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Microsoft's Office 2013 app-maker cloud drenches developers

Visual Basic macros are dead! Long live JavaScript macros!

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There are a few annoyances in the current preview. Launch Excel 2013, for example, and it shows an “Enable editing” button thanks to Microsoft’s cautious attitude to potentially booby-trapped web-sourced documents, and then displays a sign-in prompt even though you have already signed into Office with your account.

Still, it works. Unfortunately the ease of use, in the current preview at least, soon falls apart. There is an “Open in Visual Studio” button that works nicely, once it has grabbed a ton of dependencies from the web. Once these are downloaded, the app is opened in Visual Studio 2012, the project is disconnected from cloud-based Napa, and changes are saved locally. It is also not obvious how to get an app from development in Napa through to deployment in the Office 365 app catalogue without using a full installation of Visual Studio.

Editing Excel: building a spreadsheet for Office 2013

It would make sense for Napa to link to a hosted Team Foundation Server, Microsoft’s source code control system, but there is no sign of this in the preview, which means Napa lacks features developers take for granted such as version control. Currently Napa is no more than an interesting experiment, and there are much better cloud IDEs out there from the likes of Cloud9, but with its Office 365 integration Napa has the potential to become useful.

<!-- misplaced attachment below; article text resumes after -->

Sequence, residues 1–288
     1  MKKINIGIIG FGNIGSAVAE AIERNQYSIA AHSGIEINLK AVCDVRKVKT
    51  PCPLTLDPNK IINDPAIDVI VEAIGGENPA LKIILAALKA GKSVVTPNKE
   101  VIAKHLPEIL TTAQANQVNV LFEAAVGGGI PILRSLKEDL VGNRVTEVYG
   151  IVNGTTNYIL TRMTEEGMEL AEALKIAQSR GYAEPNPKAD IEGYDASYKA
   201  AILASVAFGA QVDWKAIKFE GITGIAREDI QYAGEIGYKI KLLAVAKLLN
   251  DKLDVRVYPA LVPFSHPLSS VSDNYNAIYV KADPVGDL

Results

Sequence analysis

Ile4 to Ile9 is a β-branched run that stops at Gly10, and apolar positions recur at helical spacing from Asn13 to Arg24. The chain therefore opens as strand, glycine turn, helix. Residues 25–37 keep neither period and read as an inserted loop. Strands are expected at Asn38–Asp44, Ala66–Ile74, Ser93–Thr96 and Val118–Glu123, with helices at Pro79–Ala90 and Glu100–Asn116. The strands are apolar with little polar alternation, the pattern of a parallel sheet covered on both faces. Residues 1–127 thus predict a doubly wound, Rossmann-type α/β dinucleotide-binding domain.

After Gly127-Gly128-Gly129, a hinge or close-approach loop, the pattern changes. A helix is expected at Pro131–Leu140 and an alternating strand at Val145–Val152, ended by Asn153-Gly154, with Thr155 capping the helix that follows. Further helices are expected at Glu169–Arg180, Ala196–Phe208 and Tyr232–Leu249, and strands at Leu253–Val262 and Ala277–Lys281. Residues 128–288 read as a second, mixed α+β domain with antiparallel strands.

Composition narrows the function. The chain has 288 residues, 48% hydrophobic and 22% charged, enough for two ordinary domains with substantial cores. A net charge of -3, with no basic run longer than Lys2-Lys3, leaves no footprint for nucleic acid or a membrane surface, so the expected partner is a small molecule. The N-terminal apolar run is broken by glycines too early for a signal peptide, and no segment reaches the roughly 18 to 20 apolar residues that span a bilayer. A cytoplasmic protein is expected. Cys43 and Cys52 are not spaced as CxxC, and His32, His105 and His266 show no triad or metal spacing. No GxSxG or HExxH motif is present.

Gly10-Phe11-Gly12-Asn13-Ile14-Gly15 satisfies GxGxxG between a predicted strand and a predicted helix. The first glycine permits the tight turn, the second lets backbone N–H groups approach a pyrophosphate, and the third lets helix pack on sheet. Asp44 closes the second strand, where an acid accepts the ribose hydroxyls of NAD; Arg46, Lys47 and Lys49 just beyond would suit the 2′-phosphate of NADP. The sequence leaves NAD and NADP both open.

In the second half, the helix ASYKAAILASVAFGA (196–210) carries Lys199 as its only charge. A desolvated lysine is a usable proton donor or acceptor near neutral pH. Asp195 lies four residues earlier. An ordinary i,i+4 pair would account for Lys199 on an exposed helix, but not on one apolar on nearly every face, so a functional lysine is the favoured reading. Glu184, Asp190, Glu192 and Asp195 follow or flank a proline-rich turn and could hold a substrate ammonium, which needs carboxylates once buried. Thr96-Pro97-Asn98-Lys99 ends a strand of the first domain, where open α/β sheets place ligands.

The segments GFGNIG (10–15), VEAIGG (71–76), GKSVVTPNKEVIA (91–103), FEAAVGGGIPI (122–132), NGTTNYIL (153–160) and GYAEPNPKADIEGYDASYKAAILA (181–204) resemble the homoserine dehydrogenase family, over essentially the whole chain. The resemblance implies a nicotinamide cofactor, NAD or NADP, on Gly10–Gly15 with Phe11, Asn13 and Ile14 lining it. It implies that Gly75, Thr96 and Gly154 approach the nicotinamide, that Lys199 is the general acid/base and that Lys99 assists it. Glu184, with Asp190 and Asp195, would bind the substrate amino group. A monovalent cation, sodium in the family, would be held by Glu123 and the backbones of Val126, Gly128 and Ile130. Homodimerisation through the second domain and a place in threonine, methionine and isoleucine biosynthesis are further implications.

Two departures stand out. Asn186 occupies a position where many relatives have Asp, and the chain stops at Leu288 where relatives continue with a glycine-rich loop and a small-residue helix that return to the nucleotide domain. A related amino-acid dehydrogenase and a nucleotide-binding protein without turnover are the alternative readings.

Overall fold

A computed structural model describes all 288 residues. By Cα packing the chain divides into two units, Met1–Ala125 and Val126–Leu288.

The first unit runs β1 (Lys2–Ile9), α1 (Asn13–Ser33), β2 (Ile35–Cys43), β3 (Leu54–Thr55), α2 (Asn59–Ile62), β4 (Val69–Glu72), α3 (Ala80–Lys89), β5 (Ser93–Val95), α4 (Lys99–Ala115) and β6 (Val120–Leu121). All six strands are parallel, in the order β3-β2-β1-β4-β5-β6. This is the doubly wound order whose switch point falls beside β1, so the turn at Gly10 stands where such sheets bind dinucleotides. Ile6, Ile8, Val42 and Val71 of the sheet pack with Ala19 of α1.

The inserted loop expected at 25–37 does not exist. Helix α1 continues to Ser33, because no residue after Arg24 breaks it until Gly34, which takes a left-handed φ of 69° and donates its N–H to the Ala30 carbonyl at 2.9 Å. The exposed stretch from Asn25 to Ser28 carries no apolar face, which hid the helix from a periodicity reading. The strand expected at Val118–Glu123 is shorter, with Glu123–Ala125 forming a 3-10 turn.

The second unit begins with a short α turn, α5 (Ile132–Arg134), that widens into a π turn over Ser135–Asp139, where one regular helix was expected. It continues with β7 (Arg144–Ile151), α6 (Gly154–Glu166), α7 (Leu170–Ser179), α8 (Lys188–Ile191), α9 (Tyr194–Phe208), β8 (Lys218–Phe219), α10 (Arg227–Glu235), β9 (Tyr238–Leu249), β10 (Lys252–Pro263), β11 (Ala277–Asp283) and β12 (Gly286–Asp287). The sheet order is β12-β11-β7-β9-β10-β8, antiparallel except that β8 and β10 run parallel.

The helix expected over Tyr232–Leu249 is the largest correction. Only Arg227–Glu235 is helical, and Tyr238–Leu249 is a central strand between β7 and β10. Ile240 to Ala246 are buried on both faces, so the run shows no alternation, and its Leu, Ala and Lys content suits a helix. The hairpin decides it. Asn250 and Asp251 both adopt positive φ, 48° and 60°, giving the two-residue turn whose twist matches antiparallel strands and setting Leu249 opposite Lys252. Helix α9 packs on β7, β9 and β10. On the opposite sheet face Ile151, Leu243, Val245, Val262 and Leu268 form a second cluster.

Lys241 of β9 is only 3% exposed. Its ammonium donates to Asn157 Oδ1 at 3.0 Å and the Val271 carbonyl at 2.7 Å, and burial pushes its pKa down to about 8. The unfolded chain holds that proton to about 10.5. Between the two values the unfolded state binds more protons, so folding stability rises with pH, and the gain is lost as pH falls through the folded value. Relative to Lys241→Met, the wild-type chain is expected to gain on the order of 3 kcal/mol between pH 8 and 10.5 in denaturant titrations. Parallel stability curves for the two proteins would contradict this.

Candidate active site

Apps for Office themselves also show promise. The application model avoids traditional Microsoft technologies including ActiveX and even .NET: all the code is JavaScript, although you can call web services written on any platform. Possible uses include Mail apps that look up customer details and order history; Excel apps that create charts or analyse data; or apps that validate form data in Word or Excel. You can deploy apps privately or offer them publicly in the forthcoming Office Store.

There are a few limitations:

  • Apps for Office require XML-based file formats such as .docx and .xlsx
  • Web service calls are subject to same-domain security restrictions, so you may need to use a proxy
  • There is no access to the Office COM object model and apps run in their own individual sand boxes, which limits capabilities compared to other Office development techniques
  • The range of Apps for Office types is small. Only Excel lets you embed apps in a document
  • Email apps only work with Exchange 2013

SharePoint 2013 is not required for deployment, though clients need to access an XML manifest hosted either on a SharePoint 2013 app catalogue or on a network file share, so it appears that SharePoint is a requirement for internet-accessible deployment.

Microsoft Office 2013 is beyond mature, but Apps for Office is completely new and the tools and documentation reflect that. Although it does bring Office development into the world of cloud-with-device, it feels unfinished in places, and is a difficult transition for developers used to richer technologies such as Visual Studio Tools for Office.

It is worth persevering, since the prospect of Office apps that work seamlessly locally or on the web is compelling. ®

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